NFL Hall of Famer football player Herschel Walker has one question for the U.S. Olympians who are protesting America at the Tokyo games: “Why are you here?”
Walker, who was a member of the U.S. Olympic bobsled team in the 1990s, said his time as an Olympian made him more patriotic.
“People think I’m very harsh when I say this,” Walker said Friday on Fox News. “This is the United States of America, and if people don’t like the rules here — and there’s no doubt we can make some things better — but if people don’t like the rules here, why are you here?”
Walker said the Olympics is not “the right place” for U.S. athletes to protest America since there are foreign athletes “who would love to represent the United States of America” if they could.
“It’s very sad to me because any other country… I can promise you… they would not be representing that country,” he added. “I totally disagree with it, but they have the right to do it, even though I think it’s wrong. We have to have leaders that… are going to stand up and say the right thing. You can feel a certain way and I think that’s great, but this is the United States Olympics… . I’m not sure that’s the time or place.”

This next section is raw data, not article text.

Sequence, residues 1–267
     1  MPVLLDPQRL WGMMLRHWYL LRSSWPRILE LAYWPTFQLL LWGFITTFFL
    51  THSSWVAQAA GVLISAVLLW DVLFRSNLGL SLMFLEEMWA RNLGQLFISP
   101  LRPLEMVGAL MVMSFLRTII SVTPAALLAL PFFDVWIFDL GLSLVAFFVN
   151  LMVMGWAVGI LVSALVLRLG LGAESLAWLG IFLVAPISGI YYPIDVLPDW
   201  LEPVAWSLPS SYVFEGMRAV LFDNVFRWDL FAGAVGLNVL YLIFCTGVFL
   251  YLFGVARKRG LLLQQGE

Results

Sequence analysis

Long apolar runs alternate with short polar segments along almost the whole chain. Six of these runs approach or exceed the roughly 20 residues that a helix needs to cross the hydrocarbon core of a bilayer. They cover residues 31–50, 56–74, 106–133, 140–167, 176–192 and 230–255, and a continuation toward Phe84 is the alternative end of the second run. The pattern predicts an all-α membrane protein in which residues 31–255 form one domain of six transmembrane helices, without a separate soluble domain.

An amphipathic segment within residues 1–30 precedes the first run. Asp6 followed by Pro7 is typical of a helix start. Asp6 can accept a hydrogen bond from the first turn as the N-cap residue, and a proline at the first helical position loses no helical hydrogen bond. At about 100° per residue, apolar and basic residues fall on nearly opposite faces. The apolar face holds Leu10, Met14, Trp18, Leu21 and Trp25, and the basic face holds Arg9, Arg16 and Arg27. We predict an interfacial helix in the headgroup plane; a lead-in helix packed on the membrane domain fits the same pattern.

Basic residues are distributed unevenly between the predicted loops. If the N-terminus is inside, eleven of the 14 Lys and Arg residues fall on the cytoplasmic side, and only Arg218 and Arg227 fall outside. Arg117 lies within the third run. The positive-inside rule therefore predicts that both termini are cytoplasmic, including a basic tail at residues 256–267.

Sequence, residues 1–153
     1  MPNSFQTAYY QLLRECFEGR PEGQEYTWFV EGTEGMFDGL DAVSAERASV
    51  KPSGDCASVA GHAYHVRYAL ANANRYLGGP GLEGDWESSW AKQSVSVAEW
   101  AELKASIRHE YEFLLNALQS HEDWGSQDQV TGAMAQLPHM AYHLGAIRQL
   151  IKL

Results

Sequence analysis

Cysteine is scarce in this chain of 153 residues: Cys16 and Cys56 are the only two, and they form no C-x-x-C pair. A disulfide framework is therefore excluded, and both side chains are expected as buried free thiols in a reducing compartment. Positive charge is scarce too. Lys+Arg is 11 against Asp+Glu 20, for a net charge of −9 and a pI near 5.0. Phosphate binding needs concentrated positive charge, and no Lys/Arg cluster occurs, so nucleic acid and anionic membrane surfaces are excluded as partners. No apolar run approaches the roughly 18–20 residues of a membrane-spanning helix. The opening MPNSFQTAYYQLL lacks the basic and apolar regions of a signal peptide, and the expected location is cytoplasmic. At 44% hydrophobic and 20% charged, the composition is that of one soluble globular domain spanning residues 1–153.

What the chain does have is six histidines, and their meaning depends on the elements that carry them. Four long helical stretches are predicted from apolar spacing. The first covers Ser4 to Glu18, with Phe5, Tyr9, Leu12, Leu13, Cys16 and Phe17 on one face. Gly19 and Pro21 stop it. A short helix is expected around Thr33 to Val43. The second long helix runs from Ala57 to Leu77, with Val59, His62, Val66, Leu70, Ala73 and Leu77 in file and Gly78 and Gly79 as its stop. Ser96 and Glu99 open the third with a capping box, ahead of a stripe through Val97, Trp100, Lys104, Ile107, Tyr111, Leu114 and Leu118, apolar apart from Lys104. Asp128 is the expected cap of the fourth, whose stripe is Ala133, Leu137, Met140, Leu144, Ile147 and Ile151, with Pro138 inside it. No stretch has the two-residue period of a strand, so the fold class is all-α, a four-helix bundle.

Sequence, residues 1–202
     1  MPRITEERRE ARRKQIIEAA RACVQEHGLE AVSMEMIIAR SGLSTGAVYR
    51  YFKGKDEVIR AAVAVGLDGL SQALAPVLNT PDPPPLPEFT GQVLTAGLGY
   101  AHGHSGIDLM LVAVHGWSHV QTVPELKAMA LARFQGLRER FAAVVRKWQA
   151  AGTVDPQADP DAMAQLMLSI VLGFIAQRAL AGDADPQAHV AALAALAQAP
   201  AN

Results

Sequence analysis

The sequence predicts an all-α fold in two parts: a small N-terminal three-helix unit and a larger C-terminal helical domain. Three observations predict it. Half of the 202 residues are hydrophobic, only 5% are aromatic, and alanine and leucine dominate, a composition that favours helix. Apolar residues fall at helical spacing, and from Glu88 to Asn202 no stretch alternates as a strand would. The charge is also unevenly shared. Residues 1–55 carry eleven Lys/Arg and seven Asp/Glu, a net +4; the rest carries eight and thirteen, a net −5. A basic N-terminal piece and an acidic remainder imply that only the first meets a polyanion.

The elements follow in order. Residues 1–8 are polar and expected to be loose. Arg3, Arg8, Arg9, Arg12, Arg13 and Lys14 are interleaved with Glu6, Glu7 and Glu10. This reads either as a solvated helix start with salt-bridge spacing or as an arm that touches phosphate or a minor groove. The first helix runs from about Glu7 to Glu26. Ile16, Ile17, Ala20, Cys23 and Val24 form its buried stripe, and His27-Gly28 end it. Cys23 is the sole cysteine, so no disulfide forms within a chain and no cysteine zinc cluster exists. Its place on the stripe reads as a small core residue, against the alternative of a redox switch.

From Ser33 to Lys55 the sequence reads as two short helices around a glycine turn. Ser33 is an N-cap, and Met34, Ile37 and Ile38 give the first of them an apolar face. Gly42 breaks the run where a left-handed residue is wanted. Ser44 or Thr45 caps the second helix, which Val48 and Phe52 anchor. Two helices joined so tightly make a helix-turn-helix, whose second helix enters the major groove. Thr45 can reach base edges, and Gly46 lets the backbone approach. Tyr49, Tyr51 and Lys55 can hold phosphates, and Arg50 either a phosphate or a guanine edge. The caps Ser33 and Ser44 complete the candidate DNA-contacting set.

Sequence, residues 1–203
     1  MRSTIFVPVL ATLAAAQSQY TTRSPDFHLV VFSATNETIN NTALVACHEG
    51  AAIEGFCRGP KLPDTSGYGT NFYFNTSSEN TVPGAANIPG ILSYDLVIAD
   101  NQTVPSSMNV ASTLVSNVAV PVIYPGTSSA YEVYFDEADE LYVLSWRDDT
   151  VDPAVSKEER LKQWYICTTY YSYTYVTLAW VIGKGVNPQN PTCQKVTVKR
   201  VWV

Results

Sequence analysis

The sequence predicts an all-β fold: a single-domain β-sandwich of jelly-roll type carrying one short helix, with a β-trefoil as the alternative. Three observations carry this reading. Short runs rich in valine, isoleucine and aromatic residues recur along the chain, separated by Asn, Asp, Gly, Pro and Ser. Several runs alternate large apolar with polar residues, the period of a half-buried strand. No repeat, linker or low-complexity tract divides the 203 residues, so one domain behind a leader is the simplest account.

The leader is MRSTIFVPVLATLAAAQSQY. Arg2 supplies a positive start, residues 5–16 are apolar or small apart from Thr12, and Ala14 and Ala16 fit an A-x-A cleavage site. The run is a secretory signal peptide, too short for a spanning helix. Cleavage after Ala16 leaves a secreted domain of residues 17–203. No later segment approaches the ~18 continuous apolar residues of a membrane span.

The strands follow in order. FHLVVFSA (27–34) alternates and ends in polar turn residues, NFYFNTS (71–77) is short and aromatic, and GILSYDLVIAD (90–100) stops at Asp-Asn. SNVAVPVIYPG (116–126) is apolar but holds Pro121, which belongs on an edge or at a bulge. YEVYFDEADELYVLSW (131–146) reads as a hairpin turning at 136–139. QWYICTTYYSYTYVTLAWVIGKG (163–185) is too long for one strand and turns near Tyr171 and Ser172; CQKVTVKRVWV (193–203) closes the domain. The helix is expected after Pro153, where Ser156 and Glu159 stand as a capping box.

Walker’s comments came after U.S. hammer thrower Gwen Berry turned away from the American flag as the national anthem played. She later donned a black T-shirt with the words “Activist Athlete” near the end of the national anthem. And the United States women’s soccer team kneeled before its opening-round contest against Sweden. Team USA lost 3-0 to Sweden, the first loss for the women’s soccer team since January 2019.
Walker, one of the greatest running back ever to play in the NFL, was a member of Team USA’s two-man bobsled team at the 1992 Olympics in Albertville, France. He said being a member of the team was “one of the proudest moments” of his life.
“When I started seeing the United States flag and started seeing the people, the uniform, all my teammates from all different sports coming into that stadium — it almost brought a tear to my eye when I started thinking of where I grew up as a boy in my little hometown, and now having the chance to represent the United States of America,” Walker said. “I couldn’t have been more proud of anything.”
“All of my brothers and sisters were White, but I was [more proud] than anything. I would’ve died for that group over in France if I had to,” Walker said of the USA bobsled team. “[They were] my family. … I couldn’t have asked for anything better. I grew up in South Georgia — never, never could have dreamed of anything like that.”
The U.S. two-man team finished ninth, just one second behind the gold medalist Austrian pair.
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